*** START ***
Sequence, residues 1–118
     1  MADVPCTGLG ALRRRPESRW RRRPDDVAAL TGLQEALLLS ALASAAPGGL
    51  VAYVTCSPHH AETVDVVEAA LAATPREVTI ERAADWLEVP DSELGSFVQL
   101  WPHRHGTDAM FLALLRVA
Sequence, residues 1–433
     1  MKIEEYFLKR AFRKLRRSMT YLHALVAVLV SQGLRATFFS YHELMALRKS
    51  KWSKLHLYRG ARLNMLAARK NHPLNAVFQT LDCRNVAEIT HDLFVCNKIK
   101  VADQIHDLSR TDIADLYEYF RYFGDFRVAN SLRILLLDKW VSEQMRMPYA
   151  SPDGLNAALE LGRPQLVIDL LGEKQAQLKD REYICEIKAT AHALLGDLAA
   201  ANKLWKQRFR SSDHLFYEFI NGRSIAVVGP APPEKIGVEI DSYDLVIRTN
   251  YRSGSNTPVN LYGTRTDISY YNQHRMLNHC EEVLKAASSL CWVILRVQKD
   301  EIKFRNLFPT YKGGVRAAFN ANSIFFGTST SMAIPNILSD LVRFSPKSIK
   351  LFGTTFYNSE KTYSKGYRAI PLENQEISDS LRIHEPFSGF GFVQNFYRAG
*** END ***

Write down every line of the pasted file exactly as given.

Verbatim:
Sequence, residues 1–118
     1  MADVPCTGLG ALRRRPESRW RRRPDDVAAL TGLQEALLLS ALASAAPGGL
    51  VAYVTCSPHH AETVDVVEAA LAATPREVTI ERAADWLEVP DSELGSFVQL
   101  WPHRHGTDAM FLALLRVA
Sequence, residues 1–433
     1  MKIEEYFLKR AFRKLRRSMT YLHALVAVLV SQGLRATFFS YHELMALRKS
    51  KWSKLHLYRG ARLNMLAARK NHPLNAVFQT LDCRNVAEIT HDLFVCNKIK
   101  VADQIHDLSR TDIADLYEYF RYFGDFRVAN SLRILLLDKW VSEQMRMPYA
   151  SPDGLNAALE LGRPQLVIDL LGEKQAQLKD REYICEIKAT AHALLGDLAA
   201  ANKLWKQRFR SSDHLFYEFI NGRSIAVVGP APPEKIGVEI DSYDLVIRTN
   251  YRSGSNTPVN LYGTRTDISY YNQHRMLNHC EEVLKAASSL CWVILRVQKD
   301  EIKFRNLFPT YKGGVRAAFN ANSIFFGTST SMAIPNILSD LVRFSPKSIK
   351  LFGTTFYNSE KTYSKGYRAI PLENQEISDS LRIHEPFSGF GFVQNFYRAG